CORTEO created and directed by Daniele Finzi Pasca. Presented by Cirque du Soleil at the Grand Chapiteau (Ontario Place). Runs to September 11, Tuesday-Saturday 8 pm, matinees Friday-Saturday (and September 8) at 4 pm, Sunday 1 and 5 pm, no show September 6. $46.25-$95. 1-800-678-5440. Rating: NNNN Rating: NNNN
Finally, a Cirque du Soleil show that reaches for le soleil and doesn't end up on le terre.
For Corteo, the renowned institution has smartly hired director Daniele Finzi Pasca , and her eye for theatre makes a big difference, especially in the spectacular first act.
Gone are the European couture outfits that have always made Cirque shows more style over substance, more runway than theatre.
Pasca has gone back to circus's roots, reimagining those circus archetypes like the ringmaster and clowns big and small (we're talking height). There are even animals - a no-no in previous Cirque shows - albeit ones made of cloth that have stiletto-heeled performers inside. And the acrobatic stunts have often been put in some sort of context, giving them dramatic kick.
In the suggestive but by no means pat narrative, a clown ( Mauro Mozzani ) has just died - we see him on his deathbed - and much of the show seems to be about him reliving moments from his life. Angels dropping from above are a common motif. If there's a cinematic equivalent, it would be Wim Wenders's Wings Of Desire.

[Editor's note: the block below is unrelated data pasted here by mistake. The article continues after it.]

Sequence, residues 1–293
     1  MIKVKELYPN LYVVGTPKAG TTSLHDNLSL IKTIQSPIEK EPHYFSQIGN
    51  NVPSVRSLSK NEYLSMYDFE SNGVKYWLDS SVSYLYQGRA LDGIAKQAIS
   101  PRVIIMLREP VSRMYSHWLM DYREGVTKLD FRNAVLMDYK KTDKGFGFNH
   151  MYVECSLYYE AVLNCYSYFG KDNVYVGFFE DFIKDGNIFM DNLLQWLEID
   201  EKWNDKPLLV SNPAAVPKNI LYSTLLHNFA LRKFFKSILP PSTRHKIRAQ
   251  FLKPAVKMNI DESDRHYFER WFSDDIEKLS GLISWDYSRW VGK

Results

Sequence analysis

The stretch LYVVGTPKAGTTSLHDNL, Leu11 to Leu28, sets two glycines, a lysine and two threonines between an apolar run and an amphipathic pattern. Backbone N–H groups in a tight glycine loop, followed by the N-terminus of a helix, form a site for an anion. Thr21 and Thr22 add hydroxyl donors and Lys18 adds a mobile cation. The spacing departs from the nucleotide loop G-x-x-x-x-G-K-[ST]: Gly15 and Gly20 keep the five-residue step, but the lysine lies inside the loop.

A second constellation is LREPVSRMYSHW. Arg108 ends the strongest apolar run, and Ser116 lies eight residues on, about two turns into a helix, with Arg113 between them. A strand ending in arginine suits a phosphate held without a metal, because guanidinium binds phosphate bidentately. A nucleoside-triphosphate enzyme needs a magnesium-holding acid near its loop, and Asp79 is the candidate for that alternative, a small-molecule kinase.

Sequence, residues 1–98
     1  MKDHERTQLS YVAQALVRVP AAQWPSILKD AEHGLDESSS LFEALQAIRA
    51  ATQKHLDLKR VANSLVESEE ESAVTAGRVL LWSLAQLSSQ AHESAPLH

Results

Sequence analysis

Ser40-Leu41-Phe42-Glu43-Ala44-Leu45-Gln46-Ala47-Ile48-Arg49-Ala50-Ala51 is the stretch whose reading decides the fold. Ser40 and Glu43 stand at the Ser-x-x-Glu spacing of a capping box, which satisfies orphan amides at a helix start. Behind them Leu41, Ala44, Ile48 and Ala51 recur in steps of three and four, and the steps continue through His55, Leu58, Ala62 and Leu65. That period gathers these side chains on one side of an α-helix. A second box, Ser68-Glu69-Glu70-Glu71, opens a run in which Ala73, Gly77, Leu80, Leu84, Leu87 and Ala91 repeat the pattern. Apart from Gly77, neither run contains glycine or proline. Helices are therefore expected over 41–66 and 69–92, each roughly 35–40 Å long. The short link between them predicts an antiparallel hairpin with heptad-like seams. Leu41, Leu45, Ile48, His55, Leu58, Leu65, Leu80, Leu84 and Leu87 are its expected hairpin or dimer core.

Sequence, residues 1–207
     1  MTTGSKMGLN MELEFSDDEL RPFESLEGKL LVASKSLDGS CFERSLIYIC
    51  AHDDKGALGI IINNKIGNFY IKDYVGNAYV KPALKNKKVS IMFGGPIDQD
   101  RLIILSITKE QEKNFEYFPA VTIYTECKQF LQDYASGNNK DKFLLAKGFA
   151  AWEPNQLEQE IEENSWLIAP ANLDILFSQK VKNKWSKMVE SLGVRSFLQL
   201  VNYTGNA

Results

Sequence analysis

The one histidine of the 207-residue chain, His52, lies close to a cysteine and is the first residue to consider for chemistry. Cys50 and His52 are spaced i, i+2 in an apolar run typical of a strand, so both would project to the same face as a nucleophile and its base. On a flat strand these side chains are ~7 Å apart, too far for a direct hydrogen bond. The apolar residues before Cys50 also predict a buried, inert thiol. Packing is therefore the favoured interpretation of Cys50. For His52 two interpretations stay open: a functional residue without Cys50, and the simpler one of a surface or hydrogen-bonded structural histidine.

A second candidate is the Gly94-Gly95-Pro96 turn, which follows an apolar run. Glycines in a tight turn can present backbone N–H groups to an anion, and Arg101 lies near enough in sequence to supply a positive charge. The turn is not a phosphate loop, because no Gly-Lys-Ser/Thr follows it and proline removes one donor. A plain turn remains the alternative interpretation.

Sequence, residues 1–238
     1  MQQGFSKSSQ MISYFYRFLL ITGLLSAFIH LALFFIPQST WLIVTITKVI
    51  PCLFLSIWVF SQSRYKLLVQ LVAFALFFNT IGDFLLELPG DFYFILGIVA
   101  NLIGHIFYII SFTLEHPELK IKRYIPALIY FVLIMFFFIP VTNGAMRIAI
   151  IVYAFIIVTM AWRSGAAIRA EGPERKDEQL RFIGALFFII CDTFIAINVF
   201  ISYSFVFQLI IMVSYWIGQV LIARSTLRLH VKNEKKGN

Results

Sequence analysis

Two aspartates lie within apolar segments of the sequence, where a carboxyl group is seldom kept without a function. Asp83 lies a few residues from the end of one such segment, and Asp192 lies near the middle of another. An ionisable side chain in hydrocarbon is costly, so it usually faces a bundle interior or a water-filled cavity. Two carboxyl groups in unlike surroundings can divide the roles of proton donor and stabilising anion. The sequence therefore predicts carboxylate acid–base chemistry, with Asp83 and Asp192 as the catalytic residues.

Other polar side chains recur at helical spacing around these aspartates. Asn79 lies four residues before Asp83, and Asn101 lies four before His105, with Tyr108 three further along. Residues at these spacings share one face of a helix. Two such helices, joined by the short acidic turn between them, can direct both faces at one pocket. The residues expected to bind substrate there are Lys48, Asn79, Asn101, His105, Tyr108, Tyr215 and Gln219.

Fellini is also obviously an influence. One of the first remarkable scenes shows us the dead clown glimpsing women he has loved, coiled around chandeliers. It's elegant yet sexy. Another sequence takes you back to childhood, jumping on your bed (not that your bed had a trampoline in it) before bedtime.
In the age of computer-generated images, it's hard to impress, let alone move or awe an audience. Yet some of the best sequences here do just that, such as one where Anastasia Bykovskaya walks up a diagonal high wire, or when Uzeyer Novrusov climbs an unsupported ladder and traverses the stage. A scene featuring cyr wheels - the body fits inside a circle and travels - looks so natural and easy, yet must be incredibly difficult.
Not everything works. A whistling routine goes on way too long (and makes you wonder if it's been prerecorded), and an extended show-within-a-show featuring two little performers goes nowhere.
But like the woman supported by enormous balloons who goes bouncing throughout the crowded theatre, this magical show is lighter than air.
Obviously, Mick Jagger et famille thought so, too, since they stayed for the entire late matinee last Sunday, ushered to their seats after the lights went down.